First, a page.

2010, Louis Leterrier (The Incredible Hulk) -- bluray
So, it is the story of half-god Perseus told through the eyes of a remake of a classic stop motion animation movie from the 80s. The original is a D&D standard, encouraging people to fight skeletons and appending robot owls to every wizard's arm. I believe it was the last of the swords & sandals staples of the late 70s, ala the Sinbad or Biblical stories. I am not surprised they remade it. I am surprised there was less discussion on the casting back then.
I get it, the ubiquitous Internet lends itself to louder outrage. And the smallest of voices can be loud if shared in the right venue. But when you compare the roars against Gods of Egypt to the relative quiet around this movie that was only six years ago, it's kind of odd. I suspect a weird aspect of white privilege is that we only really notice something as being wrong, if it's obviously wrong. We see Greeks, and Mediterraneans in general, as white, so it's OK if the mains in the movie are played by Australians (Sam Worthington), Irish (Liam Neeson), and English (Ralph Fiennes, Gemma Arterton). Alex Davalos sounds like she has a Greek name, but she isn't. No Greeks in the cast. I would love to see reviews of the movie from Greece. I have a feeling they have been rolling their eyes for decades of movies.
Meanwhile Egyptians are most definitively brown, at least in our eyes. There are probably plenty of light skinned Egyptians out there, but when you have their gods represented by Gerard Butler and Nikolaj Coster-Waldau, it stands out as silly and offensive. To us. Us in North America. To me. It's just glaringly wrong. Again, I wonder what Egyptians have to say. How do they feel about the movie and how do they feel about the white west being offended on their behalf? I am going to see the movie, as it is Alex Proyas, and I do suspect that they separate the gods (white, golden hued, really tall) from their people in the movie but that has its own level of offensiveness.
But for now, this movie.
It's a fun movie! Perseus loses his family to the squabbles between the Gods and the humans who are deciding they don't want to be forced to worship anymore. And then he is dragged into the squabble after Hades reveals to all that Perseus is half-god himself. First he knew of it and now he's wandering off with a bunch of bitter soldiers to ask the Stygian Witches how to kill the Kraken. You see, if Argos doesn't sacrifice their princess to Hades, he will unleash (ahem, release) the Kraken on the city. If the humans won't worship the gods, they will at least fear them. Meanwhile, Hades has his own machinations going on, as he is pissed at his older brother Zeus.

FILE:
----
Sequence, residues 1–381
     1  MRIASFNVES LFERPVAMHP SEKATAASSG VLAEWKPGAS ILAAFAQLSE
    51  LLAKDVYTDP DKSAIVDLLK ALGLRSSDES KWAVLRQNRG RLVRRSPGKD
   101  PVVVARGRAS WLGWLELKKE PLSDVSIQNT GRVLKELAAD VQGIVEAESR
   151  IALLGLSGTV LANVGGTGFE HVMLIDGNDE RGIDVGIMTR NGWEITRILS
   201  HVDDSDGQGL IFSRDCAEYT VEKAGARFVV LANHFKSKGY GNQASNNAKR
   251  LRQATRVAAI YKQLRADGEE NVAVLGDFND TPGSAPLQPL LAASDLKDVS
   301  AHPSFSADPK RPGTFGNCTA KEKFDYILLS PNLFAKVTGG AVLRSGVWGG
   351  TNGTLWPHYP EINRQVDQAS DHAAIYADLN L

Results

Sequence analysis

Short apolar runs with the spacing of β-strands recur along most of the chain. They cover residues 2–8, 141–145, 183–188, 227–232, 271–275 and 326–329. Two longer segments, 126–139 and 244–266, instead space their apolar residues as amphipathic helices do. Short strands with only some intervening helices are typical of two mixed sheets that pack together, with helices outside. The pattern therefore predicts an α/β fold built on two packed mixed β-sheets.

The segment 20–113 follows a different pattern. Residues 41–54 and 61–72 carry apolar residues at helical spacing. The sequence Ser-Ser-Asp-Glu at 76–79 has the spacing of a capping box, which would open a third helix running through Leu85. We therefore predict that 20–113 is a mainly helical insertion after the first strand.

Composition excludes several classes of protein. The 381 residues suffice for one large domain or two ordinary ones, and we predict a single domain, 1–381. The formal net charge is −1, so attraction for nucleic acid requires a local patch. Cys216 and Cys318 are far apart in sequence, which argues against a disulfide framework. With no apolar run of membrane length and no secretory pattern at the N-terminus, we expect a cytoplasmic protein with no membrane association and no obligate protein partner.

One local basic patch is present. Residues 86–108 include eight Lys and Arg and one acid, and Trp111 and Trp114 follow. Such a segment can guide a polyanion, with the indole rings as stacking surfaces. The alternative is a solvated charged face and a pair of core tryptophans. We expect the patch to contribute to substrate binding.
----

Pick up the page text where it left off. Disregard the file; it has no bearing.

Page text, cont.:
The Adventuring Party wanders off through forests and deserts, with enough low level red armours (yah, mixing my pop culture metaphors) to be killed by wandering monsters, leaving the main characters (including Mads Mikkelsen and Liam Cunningham) and their immortal NPC guide (Gemma Arterton) to defeat the Gorgon, i.e. Medusa. With head in hand, Perseus flies on Pegasus back to Argos to defeat the Kraken and win the love of his dad and the people. As I said, D&D standard.
The core of the plot of this movie is that the gods need the humans, the humans don't need the gods. Without prayers, the power of the gods diminishes. Perseus and his family were just collateral damage but the reveal of his own godhood has made him petulant and bitter. Seriously dude, you are a tougher fishermen than all those veteran soldiers. It's in your blood. Accept the help of Zeus, who feels a little forced into this action by the goading of his brother, and use the magic sword. Do the deed, impress the locals and then move on. It won't make you as power drunk as the gods, just give you an edge up on the monsters. But it takes until the end of the movie, and the death of EVERYONE in the party, for him to realize this and defeat the bad guy.
After that he has no issue accepting help, especially when it's the return of the girl of his dreams. And for once, the movie is NOT about him getting the princess.